The Continental Divide Trail follows the sinuous spine of the Rocky Mountains from Mexico to Canada for 3,100 miles through New Mexico, Colorado, Wyoming, Idaho and Montana. The CDT is one of three great trails that constitute the coveted “Triple Crown” of long-distance hiking, the others being the 2,650-mile Pacific Crest Trail and the 2,200-mile Appalachian Trail.

With thru-hikes on the AT and PCT in the can (in 2015 and 2021, respectively), this hiker is gearing up to tackle the entire CDT this year. I’ve reserved a shuttle to the Mexican border on March 30, and from there I plan to slow-roll it northbound through New Mexico for the first couple months while the snowpack melts in the high elevations of Colorado, the hike’s crux.

Although the official CDT mileage is 3,100 per the Continental Divide Trail Coalition, the organization responsible for the trail’s stewardship, the indispensable Far Out GPS navigation app has the redline tally at 2,980 miles. A dozen or more accepted alternate route segments are possible, and by my figuring, I expect the hike to total just over 2,800 miles.

The logistics of the CDT are complex and variable. If there’s too much snow in early June in the San Juans of southern Colorado, for example, then I may need to flip north to Montana, which is forecasted to have a below average winter snowfall, and then hike southbound to connect the dots. Of course, less snow means drier conditions and an increased risk of wildfires, another trek-altering possibility. And so it goes.

All a CDT hiker can do, really, is make the best plans possible, go and have fun, hope for the best, and remain flexible throughout. A steady pace – albeit a reasonable one – is necessary. Six months should, or better, suffice. Factoring in rest days and the inevitable schedule blips, I’ll need to average 18 miles per day. That’s entirely doable. In theory anyway.

So, the Rockies. The high desert of New Mexico will be a nice introduction. Colorado will be amazing, with the trail above 10,000 feet for hundreds of miles (topping out at 14,278 feet on Grays Peak). The spectacular Wind River Range and Yellowstone National Park are highlights of wonderful Wyoming. And finally, there’s remote and rugged Idaho and Montana, with a monumental finish through the Bob Marshall Wilderness and Glacier National Park.


The total elevation gain on the CDT is a mind-boggling 457,000 feet. That’s roughly equivalent to climbing Katahdin every day and a half for six months. With a full backpack. Water will be an issue in some stretches. There will be black bears, and in the northern sections, grizzlies. Bear spray, bear-proof food storage and smart cooking and camping practices will be essential. Lightning, altitude, exposure and snakes are among the other potential dangers.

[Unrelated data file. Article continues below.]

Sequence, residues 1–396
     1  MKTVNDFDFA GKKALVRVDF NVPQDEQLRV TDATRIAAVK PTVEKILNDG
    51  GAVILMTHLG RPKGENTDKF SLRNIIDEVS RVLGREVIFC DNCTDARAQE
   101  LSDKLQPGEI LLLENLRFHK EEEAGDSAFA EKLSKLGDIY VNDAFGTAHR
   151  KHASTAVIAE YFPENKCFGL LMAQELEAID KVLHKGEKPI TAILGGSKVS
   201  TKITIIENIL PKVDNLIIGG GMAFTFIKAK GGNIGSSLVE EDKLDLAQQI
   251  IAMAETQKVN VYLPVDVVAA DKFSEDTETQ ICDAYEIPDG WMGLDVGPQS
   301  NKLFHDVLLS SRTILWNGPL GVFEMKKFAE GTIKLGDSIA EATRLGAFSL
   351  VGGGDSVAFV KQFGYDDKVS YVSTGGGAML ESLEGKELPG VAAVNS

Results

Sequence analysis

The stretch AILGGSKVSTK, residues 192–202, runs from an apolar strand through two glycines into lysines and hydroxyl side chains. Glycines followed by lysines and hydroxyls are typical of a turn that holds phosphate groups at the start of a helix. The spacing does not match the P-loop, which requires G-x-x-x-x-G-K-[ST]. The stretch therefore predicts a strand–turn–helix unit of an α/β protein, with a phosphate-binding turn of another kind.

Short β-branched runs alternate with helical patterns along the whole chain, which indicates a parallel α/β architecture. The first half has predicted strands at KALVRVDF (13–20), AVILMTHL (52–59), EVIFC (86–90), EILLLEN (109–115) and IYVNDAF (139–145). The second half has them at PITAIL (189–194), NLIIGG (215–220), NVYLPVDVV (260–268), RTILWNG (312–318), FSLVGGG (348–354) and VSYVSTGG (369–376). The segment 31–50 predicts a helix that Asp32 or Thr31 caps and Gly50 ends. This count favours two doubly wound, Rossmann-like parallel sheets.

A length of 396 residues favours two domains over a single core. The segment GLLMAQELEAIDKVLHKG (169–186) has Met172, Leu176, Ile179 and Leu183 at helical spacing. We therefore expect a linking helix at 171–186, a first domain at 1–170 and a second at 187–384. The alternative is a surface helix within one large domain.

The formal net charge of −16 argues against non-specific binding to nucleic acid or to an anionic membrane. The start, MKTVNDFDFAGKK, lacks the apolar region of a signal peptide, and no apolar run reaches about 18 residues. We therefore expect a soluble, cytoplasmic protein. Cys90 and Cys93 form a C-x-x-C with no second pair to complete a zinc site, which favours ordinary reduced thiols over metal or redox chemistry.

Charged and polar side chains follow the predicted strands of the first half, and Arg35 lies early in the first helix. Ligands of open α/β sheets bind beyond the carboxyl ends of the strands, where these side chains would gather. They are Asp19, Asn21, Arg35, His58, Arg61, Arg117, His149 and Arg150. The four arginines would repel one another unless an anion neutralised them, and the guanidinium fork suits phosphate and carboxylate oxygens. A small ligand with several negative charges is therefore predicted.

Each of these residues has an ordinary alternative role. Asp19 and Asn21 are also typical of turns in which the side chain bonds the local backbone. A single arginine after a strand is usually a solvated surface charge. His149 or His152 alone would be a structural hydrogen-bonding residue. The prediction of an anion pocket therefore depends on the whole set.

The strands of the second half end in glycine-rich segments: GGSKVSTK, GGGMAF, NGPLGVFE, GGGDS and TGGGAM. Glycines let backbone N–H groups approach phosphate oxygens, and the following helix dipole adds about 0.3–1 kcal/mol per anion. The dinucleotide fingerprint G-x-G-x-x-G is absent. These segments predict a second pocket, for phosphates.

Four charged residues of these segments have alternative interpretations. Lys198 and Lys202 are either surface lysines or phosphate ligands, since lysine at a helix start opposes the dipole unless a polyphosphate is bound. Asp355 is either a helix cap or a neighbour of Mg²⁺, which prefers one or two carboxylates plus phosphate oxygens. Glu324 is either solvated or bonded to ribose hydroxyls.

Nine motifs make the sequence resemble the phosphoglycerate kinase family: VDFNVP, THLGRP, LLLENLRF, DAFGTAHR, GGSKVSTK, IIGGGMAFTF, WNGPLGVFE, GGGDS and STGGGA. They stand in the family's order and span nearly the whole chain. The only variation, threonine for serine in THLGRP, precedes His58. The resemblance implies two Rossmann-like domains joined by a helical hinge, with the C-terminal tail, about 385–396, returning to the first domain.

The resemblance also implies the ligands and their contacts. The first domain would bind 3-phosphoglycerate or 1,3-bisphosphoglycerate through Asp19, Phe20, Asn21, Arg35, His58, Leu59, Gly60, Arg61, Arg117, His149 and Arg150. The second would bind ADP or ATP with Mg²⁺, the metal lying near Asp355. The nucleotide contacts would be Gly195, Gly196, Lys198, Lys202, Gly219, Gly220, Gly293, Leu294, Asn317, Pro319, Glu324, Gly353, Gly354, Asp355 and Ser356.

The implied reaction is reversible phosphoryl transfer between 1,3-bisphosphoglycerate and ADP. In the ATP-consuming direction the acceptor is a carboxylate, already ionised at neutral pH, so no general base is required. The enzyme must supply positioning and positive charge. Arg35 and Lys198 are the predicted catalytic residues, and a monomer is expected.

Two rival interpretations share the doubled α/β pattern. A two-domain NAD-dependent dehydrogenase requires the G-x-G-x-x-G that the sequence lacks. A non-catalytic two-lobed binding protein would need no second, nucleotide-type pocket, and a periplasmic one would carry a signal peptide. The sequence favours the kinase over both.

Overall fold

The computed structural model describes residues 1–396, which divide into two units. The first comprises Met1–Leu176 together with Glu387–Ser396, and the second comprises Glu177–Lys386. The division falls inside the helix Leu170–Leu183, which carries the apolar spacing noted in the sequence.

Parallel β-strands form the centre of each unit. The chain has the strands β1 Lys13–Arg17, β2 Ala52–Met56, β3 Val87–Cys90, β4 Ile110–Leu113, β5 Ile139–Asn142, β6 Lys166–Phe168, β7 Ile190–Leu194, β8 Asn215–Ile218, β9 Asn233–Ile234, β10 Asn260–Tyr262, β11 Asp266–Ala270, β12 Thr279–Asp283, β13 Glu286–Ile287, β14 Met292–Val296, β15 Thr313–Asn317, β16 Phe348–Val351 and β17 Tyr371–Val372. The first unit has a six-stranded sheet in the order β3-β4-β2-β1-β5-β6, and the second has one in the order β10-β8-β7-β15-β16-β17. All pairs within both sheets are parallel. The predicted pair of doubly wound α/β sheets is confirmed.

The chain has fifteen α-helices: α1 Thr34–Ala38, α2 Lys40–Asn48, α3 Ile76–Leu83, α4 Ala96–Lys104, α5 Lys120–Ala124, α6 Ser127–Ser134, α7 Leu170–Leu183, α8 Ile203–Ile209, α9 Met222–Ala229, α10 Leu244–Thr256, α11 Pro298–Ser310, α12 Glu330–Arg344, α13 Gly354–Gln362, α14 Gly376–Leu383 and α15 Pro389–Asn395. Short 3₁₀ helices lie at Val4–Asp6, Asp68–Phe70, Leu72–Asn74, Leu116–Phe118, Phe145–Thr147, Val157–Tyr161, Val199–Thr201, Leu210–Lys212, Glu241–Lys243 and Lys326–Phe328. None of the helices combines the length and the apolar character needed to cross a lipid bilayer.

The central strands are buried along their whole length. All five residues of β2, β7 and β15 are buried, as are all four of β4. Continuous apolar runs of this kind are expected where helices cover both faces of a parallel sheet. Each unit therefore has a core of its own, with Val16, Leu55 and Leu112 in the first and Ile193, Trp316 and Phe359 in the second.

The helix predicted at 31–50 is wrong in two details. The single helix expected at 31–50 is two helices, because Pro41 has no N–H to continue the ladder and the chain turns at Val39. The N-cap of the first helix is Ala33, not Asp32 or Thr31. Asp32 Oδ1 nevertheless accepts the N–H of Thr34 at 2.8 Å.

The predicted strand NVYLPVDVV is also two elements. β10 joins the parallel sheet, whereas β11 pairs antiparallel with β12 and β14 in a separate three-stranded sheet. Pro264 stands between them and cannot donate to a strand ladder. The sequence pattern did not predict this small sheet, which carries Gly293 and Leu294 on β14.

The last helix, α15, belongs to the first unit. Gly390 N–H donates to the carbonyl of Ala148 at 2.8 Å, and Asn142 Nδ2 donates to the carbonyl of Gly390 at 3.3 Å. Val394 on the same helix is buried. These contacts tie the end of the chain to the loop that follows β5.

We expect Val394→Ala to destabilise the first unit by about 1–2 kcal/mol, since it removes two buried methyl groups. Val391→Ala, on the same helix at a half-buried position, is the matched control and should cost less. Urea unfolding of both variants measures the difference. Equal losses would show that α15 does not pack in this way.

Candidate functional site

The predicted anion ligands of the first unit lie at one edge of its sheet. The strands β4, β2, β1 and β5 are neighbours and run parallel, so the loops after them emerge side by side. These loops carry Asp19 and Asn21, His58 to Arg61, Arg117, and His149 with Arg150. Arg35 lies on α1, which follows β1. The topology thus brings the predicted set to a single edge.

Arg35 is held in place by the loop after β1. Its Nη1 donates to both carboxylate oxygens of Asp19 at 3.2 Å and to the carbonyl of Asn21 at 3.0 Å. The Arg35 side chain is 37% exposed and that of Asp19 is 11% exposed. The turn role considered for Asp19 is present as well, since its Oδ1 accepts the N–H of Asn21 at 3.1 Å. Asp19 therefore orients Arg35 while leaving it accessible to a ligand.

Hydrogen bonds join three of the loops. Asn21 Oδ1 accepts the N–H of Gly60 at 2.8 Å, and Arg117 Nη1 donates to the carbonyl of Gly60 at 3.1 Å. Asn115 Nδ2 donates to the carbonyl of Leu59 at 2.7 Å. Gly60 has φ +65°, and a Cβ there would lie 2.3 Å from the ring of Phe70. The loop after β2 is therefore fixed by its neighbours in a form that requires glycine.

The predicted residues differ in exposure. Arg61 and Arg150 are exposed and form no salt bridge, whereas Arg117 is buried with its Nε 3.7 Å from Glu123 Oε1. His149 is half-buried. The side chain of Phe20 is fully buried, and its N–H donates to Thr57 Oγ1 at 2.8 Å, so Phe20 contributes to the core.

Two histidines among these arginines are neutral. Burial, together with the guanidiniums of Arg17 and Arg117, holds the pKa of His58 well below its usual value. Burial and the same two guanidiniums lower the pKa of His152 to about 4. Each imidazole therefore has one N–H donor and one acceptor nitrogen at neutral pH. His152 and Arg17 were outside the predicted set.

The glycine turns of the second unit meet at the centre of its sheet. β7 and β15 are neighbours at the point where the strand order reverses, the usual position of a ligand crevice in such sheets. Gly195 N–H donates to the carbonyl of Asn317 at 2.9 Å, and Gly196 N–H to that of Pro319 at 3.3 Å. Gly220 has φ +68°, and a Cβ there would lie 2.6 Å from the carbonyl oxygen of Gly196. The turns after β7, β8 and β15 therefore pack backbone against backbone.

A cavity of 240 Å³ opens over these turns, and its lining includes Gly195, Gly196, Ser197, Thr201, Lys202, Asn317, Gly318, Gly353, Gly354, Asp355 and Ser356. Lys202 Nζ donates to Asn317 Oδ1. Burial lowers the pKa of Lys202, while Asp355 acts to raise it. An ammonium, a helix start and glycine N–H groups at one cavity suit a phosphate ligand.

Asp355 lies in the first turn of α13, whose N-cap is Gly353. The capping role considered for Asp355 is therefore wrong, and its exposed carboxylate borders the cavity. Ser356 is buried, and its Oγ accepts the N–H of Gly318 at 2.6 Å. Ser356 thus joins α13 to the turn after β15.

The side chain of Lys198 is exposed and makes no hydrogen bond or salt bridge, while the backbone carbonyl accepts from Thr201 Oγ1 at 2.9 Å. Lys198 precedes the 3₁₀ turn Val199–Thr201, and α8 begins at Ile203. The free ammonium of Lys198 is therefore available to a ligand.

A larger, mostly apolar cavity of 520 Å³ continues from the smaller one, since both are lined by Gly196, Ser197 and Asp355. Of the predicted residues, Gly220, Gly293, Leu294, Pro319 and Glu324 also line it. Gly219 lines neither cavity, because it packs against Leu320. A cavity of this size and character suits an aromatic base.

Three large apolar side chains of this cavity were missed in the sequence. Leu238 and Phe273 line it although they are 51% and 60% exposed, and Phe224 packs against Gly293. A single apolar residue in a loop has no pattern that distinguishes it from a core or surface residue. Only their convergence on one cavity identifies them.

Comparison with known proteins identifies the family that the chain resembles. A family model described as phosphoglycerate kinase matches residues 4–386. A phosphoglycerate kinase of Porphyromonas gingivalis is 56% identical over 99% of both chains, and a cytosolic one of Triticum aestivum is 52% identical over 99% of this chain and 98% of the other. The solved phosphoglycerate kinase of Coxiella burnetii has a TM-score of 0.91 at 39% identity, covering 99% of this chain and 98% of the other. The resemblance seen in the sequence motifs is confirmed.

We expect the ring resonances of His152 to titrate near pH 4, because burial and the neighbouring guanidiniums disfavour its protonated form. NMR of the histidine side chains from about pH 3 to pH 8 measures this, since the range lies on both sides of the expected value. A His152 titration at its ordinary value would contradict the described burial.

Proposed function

Unlike the thousands of hikers on the AT and the PCT, only about 400 people attempt the CDT each year. Most hike northbound, so I’m sure to find at least some company en route. My wife, Fran, will be hopscotching along with our truck and camper for a good chunk of the hike, enjoying a big adventure of her own and meeting me every week or so with a resupply box. Now that’s trail magic like nobody’s business.

My “big three” items are an Osprey Atmos AG LT 65 pack, a Big Agnes Copper Spur HV UL 2 tent and an REI Co-op Magma 10 sleeping bag. Three pairs of Lowa Renegade GTX Mid boots should last the trek. And I’ll be packing a Garmin inReach Mini 2 GPS satellite communicator. I’m aiming for a base weight of 18 pounds, so with water, fuel and a week’s food, I should be able to keep the pack to around 35 pounds or less.

The CDT was never high on my radar, but after completing the AT and PCT, it percolated to the top. And suddenly the journey is right here in front me. My gear is tested and ready, food is purchased and organized, and details have been sorted through. There’s not much left to do but walk. I’m looking forward to the solitude, the scenery, the simplicity and the challenge of it all.

I’ll be reporting periodically from the trail, so please stay tuned here. As an official 2024 CDTC trail ambassador, I’ll be guest blogging occasionally at as well. You can also follow me on Facebook and Instagram, and my Garmin tracks at Ciao for now.

Carey Kish of Mount Desert Island is soon to discover why the motto for thru-hiking the Continental Divide Trail is “Embrace the Brutality.”

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